North Korean Missile Crisis?
by Matt Milward
On Monday, March 31, as a retaliation to what the North Koreans deemed intimidation techniques, North Korea fired more than 500 rounds of artillery shells forcing some residents of South Korean Islands to seek shelter or evacuate. Of the 500 shells fired, around 100 of those shells fell into South Korean territory.
As a response, the South Korean military fired back; however, their intention was not to fire at North Korea, but to merely shoot into the sea according to a spokesman for North Korea. As a close ally to South Korea, the United States condemned the missile testing from North Korea.
Currently, the United States, along with Japan, are in close coordination with South Korea to refrain from actions that would threaten the regional peace, security, and stability. It is not only the South Korean allies that are concerned though; China also expressed concern over the issue.
There is speculation that this missile testing was a message to the South Korean government. Just last week, South Korea’s President Park Geun-hye talked of the inevitability of the unification of the Korean peninsula. The testing seemed to be a deliberate message, as the notorious non communicative country, North Korea, faxed the South Korean navy that it would conduct live fire drills of its western coast.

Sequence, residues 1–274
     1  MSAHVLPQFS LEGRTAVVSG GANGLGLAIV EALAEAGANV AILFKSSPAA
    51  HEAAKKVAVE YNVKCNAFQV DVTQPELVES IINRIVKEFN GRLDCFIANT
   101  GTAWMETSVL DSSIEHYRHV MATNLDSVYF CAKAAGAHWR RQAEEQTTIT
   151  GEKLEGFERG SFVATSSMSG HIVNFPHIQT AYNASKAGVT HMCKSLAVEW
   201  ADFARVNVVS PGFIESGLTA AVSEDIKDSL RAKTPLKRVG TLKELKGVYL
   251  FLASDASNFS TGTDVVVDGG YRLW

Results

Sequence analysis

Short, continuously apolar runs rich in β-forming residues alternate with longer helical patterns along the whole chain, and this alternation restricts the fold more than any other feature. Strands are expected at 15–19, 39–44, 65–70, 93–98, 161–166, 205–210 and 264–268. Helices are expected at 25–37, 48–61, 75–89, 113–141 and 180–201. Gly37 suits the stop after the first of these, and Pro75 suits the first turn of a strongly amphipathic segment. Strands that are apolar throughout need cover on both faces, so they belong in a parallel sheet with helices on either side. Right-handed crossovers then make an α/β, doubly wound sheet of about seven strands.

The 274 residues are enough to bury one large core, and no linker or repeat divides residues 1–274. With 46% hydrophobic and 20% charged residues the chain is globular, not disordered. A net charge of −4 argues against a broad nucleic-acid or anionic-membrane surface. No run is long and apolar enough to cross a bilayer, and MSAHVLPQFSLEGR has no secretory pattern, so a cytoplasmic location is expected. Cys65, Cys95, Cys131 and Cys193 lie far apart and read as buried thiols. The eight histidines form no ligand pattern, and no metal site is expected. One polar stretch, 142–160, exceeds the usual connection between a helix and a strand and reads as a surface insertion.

The message seems to be clear, for if they really wanted, North Korea could have hit the South; instead, they fired the majority of their missiles right up to the line. In addition, these test were timed in such a way as to coincide with the U.S.- South Korean military exercises.
If North Korea were to make a move, April would be the month to do it. The month of April is a month that President Obama is scheduled to make a stop in Seoul, as well as the month that the founding father of North Korea, Kim Il Sung, was born in.
Matt Milward is a student in Advanced Placement English Language and Composition